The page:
212] I am satisfied that it was reasonably foreseeable that a hockey player and wearer of a mandatory certified hockey helmet might suffer harm if the CSA set the certification standard unreasonably low in the circumstances. On the question of proximity, I extrapolate from Cooper at paras. 32–34. Is the player, who must obtain and wear a certified helmet in order to participate in organized hockey, so closely and directly affected by the CSA decision respecting the adequacy of the certification standard that the latter ought reasonably to have the player’s legitimate interest in safety in mind? In my respectful view, the answer must be yes.
 By legislative definition, any hockey helmet that is not certified is a hazardous product and cannot be sold in Canada. No matter how well designed the helmet may, in fact, be, no manufacturer can offer it for sale unless it is certified. The consumer hockey player has no choice and buys, or otherwise obtains, the helmet for the purpose of self-protection in a game that has inherent dangers. Nonetheless, there is some reliance by the consumer on the fact of certification and an expectation that the risk of at least some injuries is reasonably reduced. Otherwise, there would be no need for any helmet at all.
 With the greatest of deference to the possibility that Hughes stands for a different outcome, I am satisfied that there is sufficient proximity in the present case for a prima facie duty of care.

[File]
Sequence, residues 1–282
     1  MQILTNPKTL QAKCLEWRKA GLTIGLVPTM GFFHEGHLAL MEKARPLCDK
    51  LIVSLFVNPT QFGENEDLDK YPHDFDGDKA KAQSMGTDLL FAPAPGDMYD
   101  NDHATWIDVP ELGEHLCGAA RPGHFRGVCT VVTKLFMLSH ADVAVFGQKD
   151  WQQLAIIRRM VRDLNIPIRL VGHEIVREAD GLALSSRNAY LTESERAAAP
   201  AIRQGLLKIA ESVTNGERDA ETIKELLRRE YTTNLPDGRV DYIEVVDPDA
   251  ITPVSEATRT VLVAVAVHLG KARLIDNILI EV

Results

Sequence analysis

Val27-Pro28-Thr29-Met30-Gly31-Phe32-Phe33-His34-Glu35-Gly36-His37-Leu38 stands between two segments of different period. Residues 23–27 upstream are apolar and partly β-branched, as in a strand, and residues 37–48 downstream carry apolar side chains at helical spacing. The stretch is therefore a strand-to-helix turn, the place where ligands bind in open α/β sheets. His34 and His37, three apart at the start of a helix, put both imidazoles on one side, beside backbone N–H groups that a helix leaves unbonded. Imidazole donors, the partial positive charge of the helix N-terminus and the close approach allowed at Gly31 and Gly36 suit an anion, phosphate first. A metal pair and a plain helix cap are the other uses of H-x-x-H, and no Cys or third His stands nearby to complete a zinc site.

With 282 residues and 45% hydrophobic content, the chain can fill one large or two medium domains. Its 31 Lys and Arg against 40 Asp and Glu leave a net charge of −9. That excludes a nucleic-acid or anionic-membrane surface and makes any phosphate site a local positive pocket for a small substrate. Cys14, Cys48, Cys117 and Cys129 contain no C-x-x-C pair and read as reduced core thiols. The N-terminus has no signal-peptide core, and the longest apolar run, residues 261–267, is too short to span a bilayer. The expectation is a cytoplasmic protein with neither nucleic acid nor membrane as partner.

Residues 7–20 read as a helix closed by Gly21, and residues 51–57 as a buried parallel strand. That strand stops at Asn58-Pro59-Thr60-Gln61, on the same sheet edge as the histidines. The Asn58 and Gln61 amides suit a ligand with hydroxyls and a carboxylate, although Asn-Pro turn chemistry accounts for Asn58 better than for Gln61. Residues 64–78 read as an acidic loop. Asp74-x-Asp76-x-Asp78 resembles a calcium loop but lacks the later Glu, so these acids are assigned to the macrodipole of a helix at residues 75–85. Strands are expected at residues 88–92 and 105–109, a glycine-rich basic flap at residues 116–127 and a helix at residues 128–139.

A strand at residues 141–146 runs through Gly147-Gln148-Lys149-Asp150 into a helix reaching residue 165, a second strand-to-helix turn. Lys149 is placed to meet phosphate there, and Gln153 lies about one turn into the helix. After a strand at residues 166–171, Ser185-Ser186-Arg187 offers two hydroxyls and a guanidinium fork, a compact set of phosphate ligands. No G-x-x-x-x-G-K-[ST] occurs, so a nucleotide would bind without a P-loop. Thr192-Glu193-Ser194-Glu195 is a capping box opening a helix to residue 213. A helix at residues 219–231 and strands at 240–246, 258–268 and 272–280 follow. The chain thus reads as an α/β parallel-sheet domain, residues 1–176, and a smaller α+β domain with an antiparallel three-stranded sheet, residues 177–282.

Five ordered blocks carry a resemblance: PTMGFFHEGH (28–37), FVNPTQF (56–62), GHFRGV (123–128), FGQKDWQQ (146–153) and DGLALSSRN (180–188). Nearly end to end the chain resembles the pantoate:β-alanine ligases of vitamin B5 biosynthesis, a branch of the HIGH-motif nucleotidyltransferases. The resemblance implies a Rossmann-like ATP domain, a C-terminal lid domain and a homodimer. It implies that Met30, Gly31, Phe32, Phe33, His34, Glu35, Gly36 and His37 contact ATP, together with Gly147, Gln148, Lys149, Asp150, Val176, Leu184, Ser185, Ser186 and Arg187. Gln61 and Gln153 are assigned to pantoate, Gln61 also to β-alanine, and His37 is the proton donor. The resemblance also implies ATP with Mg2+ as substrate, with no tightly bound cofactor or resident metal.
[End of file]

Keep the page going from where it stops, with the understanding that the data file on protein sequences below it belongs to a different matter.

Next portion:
In short, this decision means that if an institution sets certification standards for products to be sold in British Columbia that institution may be liable if their standards are set at an unreasonably low level.
As I’ve previously written, children can be unpredictable. Accordingly drivers need to use extra care when passing by children otherwise they can be found liable for an accident in circumstances where their actions may not otherwise be considered careless. In legalese, the presence of children raises the ‘standard of care‘. Reasons for judgement were released today discussing this area of law in an unsuccessful personal injury lawsuit.
In today’s case (Chen v. Beltran) the Plaintiff was involved in an unfortunate accident in New Westminster, BC in 2006. The 11 year old Plaintiff was lying on a skateboard travelling down a steep hill. The Plaintiff lost control and entered an intersection against a red light. He was struck by an oncoming motorist and was injured.
The Plaintiff’s lawyer agreed that the Plaintiff was at fault for this accident but argued that the driver was partially at fault as well. Mr. Justice Greyell disagreed and found the Plaintiff was fully at fault for the incident. Before dismissing the case, however, Mr. Justice Greyell summarized the standard of care imposed on motorists when driving by children. The Court stated as follows:
 The law to be applied in determining the duty of a driver when there are children in or about the area was set out by Hood J. in Bourne (Guardian ad litem of) v. Anderson,  B.C.J. No. 915, 27 M.V.R. (3d) 63 (S.C.) at paras. 55 and 56: